As is well known, founders like to track everything down to the smallest detail: their number of users, their conversions, how much time they need for what task, the performance of their employees, their own performance. So why not your sleep too?
Twitter founder Jack Dorsey says he goes to bed at nine or ten at night and gets up at five in the morning. He knows it not only by looking at his watch, but also by his Oura ring. The sleep tracker from the Finnish startup of the same name is hugely popular with entrepreneurs like Dorsey. Northzone investor Sarah Nöckel is an avowed handheld user, as is Salesforce boss Marc Benioff. Even Prince Harry is often photographed wearing the ring.
I’m a long way from the dream beat of the Twitter CEO. I usually never make it to bed before midnight, then roll over to sleep. It is difficult for me to get up in the morning, and the Corona-related head office has not made it any easier. Perhaps the Oura ring (starting price: a whopping 314 euros) can help me look a little more like Jack Dorsey.
The billion dollar business with the dream
The ordering procedure is cumbersome: first, I get a test kit with plastic rings of different sizes. I have to wear them for at least 24 hours to find the right size. Because my fingers can swell at night, I’m learning.
When the real ring I was given to try on finally arrives, the first reaction of those around me is, “It looks like a part that fell in the washing machine.” to go somewhere There are also sensors built into the wearable device.
I know how important a good night’s sleep is to staying physically and mentally fit, at least since the “Why We Sleep” hype. If you ask the founders about their favorite books, the probability that this book is among them is relatively high. The author of this bestselling book is neuroscientist Matt Walker, who is also the chief scientist for the company behind the Oura Ring.
An industry worth billions has sprung from the hype surrounding sleep, from CBD oil and meditation apps to extra-heavy duvets that are said to help with anxious feelings and trouble sleeping. To fall asleep. According to an assessment, the annual sales of sleep aids worldwide should be up to 102 billion US dollars. Oura benefits from this, too: By its own admission, the startup has sold around a million rings since it was founded and raised almost US$150 million in venture capital. One of the most prominent testimonials of him, Twitter boss Jack Dorsey, is also involved with his investment company.
The ring takes a few days to calibrate. After the first night, he excitedly warns me, “You were up later than usual yesterday.” After the first two weeks, I can use the app to see my optimal bedtime (between 11:30 and 12:30). I learn how long it took me to fall asleep (less than five minutes is a sign of excessive fatigue) and how long I was in which stage of sleep (light sleep, stage sleep, or deep sleep).
For this evaluation, Oura tracks my movements and measures my resting heart rate and temperature. The ring is incredibly accurate: when I drank too much wine one night, my resting heart rate spiked and the app alerted me. But he probably would have recognized the cat that way. The ring also warned me once because I had a high temperature, I had previously been in the sauna.
Ring for early corona detection?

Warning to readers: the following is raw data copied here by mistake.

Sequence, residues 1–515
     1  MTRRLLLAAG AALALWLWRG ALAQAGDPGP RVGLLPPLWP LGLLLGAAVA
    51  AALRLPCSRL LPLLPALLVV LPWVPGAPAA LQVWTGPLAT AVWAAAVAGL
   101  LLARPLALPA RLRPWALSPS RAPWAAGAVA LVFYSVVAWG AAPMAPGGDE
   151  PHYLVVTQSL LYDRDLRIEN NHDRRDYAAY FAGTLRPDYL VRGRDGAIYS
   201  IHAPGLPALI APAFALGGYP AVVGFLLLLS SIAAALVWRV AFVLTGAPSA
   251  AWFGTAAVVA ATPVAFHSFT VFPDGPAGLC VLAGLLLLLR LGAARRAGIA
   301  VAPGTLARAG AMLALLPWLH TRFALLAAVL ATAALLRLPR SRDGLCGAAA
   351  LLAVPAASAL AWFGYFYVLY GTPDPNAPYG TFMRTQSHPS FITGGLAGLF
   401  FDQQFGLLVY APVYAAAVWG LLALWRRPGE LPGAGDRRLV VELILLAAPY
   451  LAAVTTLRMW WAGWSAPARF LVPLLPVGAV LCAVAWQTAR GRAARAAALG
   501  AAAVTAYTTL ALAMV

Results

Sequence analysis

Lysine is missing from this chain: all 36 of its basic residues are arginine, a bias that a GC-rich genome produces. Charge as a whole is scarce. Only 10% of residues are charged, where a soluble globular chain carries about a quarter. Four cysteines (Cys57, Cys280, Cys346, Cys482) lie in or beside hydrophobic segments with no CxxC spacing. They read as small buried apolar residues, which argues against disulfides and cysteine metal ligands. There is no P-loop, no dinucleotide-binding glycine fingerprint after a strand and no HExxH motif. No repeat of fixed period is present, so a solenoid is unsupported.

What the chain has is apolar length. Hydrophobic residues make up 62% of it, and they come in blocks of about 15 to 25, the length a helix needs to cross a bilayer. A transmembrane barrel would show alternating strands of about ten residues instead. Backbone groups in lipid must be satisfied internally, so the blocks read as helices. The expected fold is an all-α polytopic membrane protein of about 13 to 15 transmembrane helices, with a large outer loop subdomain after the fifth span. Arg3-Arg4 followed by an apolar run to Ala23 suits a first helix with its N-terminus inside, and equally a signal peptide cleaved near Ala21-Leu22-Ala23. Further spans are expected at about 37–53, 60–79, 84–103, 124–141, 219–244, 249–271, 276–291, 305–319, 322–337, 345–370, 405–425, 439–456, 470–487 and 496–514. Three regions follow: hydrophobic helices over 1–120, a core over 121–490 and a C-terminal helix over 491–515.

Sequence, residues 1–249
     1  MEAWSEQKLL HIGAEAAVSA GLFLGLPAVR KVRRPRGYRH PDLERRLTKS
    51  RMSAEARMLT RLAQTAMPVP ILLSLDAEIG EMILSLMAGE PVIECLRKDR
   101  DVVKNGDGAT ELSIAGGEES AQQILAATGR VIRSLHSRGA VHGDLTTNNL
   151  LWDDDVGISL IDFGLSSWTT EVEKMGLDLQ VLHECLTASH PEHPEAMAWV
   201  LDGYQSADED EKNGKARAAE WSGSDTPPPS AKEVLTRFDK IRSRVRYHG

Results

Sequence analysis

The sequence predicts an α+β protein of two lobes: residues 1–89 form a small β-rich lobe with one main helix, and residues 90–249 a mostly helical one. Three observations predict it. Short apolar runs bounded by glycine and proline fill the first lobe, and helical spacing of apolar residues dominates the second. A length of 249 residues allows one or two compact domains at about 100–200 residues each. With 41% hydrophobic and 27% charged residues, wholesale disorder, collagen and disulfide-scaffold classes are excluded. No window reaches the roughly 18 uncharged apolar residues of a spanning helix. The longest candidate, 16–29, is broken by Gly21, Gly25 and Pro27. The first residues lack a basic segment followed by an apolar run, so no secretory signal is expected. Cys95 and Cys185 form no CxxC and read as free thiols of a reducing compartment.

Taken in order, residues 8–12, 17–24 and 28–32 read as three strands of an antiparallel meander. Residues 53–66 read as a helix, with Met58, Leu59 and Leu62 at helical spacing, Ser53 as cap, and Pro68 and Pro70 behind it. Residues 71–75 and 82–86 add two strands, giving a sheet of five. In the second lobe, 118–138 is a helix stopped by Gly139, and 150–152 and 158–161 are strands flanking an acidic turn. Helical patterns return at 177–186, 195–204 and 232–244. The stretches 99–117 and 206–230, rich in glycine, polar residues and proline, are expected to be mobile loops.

The temperature measurement function could now even give the company a new use case: According to initial studies, the ring could detect an infection with the corona virus at an early stage. The temperature measurement should cause the sensors to drift even before regular quick tests do. Two years ago, this feature led some companies to equip their employees with the rings. The American basketball league NBA also obtained the trackers for its players. An opportunity for Oura to delve into the business of corporate clients. The company declined to provide any information on the proportion of sales now represented by B2B sales.
I get used to wearing the ring all the time relatively quickly: during sports, in the shower, while sleeping. It doesn’t seem as clumsy and heavy as it did at first. Unlike an Applewatch, for example, it has to be charged relatively rarely, only every five days for me.
A problem you didn’t have before
How did I really sleep? I promptly answer this question as soon as I wake up looking at my own app. Instead of my own feelings, the ring now decides. For one thing, it can sometimes be comforting to see that what seemed like two hours of being up at night was actually only a quarter of an hour. On the other hand, after a bad night, I can see in black and white how badly I slept.
It’s a similar story for Philipp Klöckner, an investor and co-host of the “Doppelganger Tech Talk” podcast, who also uses Oura. In the Berlin startup scene, he is often asked about the ring, he says he, which usually makes him uncomfortable. He doesn’t want to be a “health junkie or life extender” like many other Oura users in the tech industry. He bought the ring mainly out of curiosity, he tells me, “I sleep five to six hours a night and I wanted to see how restful my sleep is.” Thanks to Oura, he now knows that his deep sleep phases are too short and his resting heart rate is relatively high. “So now I have a problem that I didn’t have before.”
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Despite the supposed deep sleep deficit, he feels well-rested, he says. That’s why he hasn’t changed anything in his sleep routine so far. He alone at first he followed the advice of the ring and went to bed at 10 o’clock at night. As a result, he woke up at three in the morning. “It didn’t make me feel more relaxed.”
I haven’t changed anything in my sleeping pattern yet. I’m further from Jack Dorsey’s bedtime and wake-up time than ever. Still, I am pleasantly surprised by the features and accuracy of the ring. It might be the first tracking tool I use.
This post first appeared in June 2021.